- Have you ever been criticized about your gambling or told you have a problem?
- Have you ever felt you had a problem with gambling?
- Does gambling cause a decrease in your ambition or efficiency?
- After losing do you feel you must return as soon as possible and win back your losses?
- After a win did you have a strong urge to return and win more?
- Do you often gamble until your last dollar is gone?
- Do you ever borrow to finance your gambling?
- Have you ever sold anything to finance gambling?
- Have you ever been reluctant to use "gambling money" for normal expenditures?
- Did you ever gamble longer than you had planned?
- Have you ever gambled to escape worry or trouble?
- Have you ever committed, or considered committing, an illegal act to finance gambling?
- Did gambling cause you to have difficulty in sleeping?
- Have you ever concealed how much money you are spending?
- Do you notice you need to spend more and more money to feel the excitement from gambling?
- Do you crave the experience of the big win?
- Do wish you could stop making bets, but find you can’t?
- Do arguments, disappointments or frustrations create an urge to gamble?
- Did you ever have an urge to celebrate any good fortune by a few hours of gambling?
- Have you ever considered self-destruction or suicide as a result of your gambling?
Most individuals with a gambling problem will answer yes to at least seven of these questions.
If you think you might have a problem talk with someone you trust, and/or with a professional; contact the Health & Wellness at 862-3823 or the Psychological and Counseling Services (PACS) at 862-2090.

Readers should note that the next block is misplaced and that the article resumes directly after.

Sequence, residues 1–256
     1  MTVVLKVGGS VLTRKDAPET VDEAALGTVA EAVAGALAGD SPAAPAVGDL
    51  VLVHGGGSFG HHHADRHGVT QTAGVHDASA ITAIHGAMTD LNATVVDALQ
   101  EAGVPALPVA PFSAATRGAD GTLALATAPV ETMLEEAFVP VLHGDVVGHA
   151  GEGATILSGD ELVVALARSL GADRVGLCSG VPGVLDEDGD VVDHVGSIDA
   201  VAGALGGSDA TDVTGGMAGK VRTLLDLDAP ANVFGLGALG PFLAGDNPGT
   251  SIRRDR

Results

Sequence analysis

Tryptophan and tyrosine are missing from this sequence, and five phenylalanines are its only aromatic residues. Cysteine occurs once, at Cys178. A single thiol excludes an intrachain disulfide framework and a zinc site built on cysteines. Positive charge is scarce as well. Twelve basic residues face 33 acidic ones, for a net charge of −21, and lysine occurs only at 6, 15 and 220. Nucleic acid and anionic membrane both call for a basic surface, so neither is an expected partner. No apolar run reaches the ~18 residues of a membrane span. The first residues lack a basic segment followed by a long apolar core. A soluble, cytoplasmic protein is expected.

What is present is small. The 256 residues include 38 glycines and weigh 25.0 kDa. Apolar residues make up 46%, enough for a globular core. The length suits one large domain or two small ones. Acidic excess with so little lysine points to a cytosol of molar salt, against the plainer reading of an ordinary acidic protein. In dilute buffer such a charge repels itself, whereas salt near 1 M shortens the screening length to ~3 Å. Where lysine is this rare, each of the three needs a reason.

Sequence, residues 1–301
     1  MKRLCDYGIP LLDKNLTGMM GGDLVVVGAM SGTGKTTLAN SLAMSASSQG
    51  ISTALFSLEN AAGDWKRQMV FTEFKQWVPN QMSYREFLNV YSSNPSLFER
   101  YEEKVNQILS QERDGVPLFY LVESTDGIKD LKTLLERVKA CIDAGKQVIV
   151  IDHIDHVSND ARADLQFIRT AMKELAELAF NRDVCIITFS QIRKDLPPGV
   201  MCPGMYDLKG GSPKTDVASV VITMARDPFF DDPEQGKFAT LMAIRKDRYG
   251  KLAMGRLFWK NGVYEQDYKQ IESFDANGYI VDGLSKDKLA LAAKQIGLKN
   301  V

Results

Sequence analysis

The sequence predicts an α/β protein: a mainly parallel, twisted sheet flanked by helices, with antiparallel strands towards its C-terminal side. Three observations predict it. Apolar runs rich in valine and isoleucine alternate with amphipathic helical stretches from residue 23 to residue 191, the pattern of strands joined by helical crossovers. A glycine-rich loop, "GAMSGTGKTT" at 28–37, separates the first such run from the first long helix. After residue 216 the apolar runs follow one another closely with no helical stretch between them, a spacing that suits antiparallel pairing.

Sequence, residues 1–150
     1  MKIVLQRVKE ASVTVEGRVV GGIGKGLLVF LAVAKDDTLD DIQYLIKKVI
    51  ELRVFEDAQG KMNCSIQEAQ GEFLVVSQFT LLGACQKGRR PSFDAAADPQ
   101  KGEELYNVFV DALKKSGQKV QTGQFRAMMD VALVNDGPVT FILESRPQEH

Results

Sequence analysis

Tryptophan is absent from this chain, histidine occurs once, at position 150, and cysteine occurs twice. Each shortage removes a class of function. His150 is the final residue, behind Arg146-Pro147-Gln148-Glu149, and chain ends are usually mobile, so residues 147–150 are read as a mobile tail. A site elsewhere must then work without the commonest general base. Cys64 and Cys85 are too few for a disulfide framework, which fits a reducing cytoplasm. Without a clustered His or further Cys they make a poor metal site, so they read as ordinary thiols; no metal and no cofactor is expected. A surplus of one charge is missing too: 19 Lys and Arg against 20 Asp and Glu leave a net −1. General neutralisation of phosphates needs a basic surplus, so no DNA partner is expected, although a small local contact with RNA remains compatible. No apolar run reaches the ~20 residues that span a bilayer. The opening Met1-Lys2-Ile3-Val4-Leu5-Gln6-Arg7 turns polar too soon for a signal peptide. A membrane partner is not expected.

Thinking about changing your gambling behavior?
National 24-Hours Problem Gambling Helpline (confidential): 1-800-522-4700
This confidential gambling helpline is available to talk to you about your own or someone you know gambling problem. It can provide support and referral to resources.
How do I know if someone I know and care about has a problem with gambling?
- Change in personality.
- Sudden drop in grades.
- Unexplained absences from classes, work, or other important responsibilities.
- Possession of a large amount of money or exaggerated display of money or material possessions.
- An intense interest in gambling.
- Increased use of gambling language in daily conversations.
- Visible change in behavior (e.g. mood changes, behavior changes, etc.)
How can I help someone I think might have a problem with gambling?
If you are seeing behaviors that concern you, make a time to talk with this person.
- Tell the person you care about them.
- Tell the person what you have observed and how this makes you feel.
- Listen to what they have to say.
- Tell the person what you would like them to do including:
- Setting limits on gambling
- Talking to person they trust
- Getting professional help
- Tell the person how you are willing to talk or assist them in getting help.
- Don’t enable their behavior by lending them money or covering up for their behaviors.
- Counseling/Education at Health & Wellness
- Counseling at UNH: UNH Psychological and Counseling Services (PACS)
- Gambling and College Students Information
- National Center for Responsible Gaming
- National Council on Problem Gambling
- College Athletes and Gambling
- The National Center for Responsible Gaming (NCRG)